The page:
Age-standardised rates of years lived with disability for low back pain, by age, for both sexes, per 100,000 population in Australia in 2019

Attributable risk factors

Across all ages and both sexes, attributable modifiable GBD risk factors accounted for 22.3% (95% UI: 18.4–26.2) of YLDs due to all musculoskeletal conditions (9% high BMI and 9% smoking, 7.3% occupational ergonomic factors and 0.5% kidney dysfunction). Across all ages and both sexes, attributable modifiable GBD risk factors accounted for 39.8% (95% UI: 34.9–45.0) of YLDs due to LBP (20.1% smoking, 16.6% occupational ergonomic factors and high BMI 10.6%).

Discussion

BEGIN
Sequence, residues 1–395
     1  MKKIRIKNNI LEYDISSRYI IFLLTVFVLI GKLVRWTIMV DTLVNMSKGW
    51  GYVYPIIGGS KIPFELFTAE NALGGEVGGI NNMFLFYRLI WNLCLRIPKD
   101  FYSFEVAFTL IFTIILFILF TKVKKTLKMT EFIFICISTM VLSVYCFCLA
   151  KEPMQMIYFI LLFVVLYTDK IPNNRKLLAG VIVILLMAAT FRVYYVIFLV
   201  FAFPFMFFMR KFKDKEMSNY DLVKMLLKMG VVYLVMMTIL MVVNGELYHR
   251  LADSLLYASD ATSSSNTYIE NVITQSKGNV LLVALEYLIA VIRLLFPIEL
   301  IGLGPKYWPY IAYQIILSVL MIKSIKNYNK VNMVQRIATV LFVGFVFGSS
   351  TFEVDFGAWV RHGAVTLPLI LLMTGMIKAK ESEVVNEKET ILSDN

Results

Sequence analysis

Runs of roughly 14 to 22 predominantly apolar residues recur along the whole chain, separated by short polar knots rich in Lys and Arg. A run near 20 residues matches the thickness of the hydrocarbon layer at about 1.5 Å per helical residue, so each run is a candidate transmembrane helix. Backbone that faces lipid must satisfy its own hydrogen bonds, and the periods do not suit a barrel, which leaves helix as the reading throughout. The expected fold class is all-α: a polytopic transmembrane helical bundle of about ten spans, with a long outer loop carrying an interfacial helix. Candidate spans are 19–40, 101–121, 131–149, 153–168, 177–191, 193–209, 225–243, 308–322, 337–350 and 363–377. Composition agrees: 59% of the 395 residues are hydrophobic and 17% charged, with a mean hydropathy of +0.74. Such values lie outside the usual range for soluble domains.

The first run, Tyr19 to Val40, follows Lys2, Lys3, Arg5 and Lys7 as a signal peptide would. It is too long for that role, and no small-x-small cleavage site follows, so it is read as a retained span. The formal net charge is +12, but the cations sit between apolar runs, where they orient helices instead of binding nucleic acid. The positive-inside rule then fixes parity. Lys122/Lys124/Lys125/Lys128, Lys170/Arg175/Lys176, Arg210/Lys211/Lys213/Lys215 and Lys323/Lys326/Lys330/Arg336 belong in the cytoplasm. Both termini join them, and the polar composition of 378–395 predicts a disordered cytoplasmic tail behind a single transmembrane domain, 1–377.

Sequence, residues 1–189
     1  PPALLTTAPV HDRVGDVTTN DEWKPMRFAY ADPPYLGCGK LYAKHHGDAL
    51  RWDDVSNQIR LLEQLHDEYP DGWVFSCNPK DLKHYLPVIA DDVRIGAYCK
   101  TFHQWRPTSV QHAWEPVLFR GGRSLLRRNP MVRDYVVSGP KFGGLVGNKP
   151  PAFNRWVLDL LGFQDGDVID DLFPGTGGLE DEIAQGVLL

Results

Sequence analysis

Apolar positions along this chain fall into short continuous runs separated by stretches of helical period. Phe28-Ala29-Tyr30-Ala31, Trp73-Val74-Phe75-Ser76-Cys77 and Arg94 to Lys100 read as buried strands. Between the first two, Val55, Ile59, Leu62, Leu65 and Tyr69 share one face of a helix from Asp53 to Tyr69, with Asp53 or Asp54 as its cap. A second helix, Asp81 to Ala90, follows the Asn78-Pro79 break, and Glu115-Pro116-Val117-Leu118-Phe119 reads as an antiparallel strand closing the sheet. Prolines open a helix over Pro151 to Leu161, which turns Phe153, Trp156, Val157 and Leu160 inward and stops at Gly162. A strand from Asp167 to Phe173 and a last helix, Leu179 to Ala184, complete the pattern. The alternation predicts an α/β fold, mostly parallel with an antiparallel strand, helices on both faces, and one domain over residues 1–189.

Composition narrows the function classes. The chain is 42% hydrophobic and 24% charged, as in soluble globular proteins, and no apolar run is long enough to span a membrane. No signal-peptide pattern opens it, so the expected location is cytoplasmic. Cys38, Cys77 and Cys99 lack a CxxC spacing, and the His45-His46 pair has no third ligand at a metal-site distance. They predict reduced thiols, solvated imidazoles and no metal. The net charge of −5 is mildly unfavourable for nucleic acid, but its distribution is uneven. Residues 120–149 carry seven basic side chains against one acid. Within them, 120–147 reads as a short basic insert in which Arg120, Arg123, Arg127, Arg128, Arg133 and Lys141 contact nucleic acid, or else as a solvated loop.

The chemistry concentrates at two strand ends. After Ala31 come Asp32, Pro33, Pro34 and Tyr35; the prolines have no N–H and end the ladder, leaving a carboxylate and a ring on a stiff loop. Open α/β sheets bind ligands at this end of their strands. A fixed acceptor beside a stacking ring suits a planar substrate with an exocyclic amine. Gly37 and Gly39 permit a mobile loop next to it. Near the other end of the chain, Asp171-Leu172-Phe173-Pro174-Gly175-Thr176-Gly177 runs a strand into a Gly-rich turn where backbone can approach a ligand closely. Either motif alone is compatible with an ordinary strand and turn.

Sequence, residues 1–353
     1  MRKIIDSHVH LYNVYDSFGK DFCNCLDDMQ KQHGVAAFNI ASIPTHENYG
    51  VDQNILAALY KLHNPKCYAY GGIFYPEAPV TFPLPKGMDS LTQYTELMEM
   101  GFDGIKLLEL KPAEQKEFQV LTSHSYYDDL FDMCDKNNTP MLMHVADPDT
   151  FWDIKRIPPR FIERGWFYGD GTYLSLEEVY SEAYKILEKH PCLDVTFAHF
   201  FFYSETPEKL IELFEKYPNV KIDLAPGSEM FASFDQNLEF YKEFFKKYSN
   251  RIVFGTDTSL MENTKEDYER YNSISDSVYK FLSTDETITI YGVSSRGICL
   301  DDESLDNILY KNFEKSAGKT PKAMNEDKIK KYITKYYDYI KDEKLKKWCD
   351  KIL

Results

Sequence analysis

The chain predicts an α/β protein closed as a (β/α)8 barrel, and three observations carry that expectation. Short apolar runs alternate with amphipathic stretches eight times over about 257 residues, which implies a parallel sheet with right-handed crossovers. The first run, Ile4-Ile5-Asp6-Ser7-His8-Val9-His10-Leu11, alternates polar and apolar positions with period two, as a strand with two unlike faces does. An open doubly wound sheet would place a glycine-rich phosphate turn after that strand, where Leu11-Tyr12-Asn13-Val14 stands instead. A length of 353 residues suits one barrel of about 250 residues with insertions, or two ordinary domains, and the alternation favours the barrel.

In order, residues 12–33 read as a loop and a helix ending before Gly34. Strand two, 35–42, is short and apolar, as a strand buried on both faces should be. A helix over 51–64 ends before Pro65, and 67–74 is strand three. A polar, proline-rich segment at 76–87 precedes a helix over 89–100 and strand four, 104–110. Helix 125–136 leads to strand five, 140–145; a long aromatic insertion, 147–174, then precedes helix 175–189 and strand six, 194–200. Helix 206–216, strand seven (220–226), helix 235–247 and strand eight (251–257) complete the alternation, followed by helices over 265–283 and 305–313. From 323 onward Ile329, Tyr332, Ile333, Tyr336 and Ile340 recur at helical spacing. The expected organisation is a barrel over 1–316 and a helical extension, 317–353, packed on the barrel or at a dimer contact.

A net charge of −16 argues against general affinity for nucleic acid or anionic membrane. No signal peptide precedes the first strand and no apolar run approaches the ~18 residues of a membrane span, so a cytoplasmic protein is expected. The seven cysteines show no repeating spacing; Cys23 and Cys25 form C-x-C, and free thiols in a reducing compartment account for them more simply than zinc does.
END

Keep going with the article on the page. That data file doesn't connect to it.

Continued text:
In Australia in 2019, musculoskeletal conditions were estimated to be the leading cause of disability burden, ahead of both mental health and unintentional injuries, and were responsible for one fifth of the total YLDs. ASRs for prevalence and disability burden were high across the life course, peaking in older adults and being higher in females. LBP was the most prevalent musculoskeletal condition and was the leading driver of disability burden in Australia. These data show the impact of LBP on the Australian community and highlight the importance of increased societal and governmental awareness of LBP-related disability [26].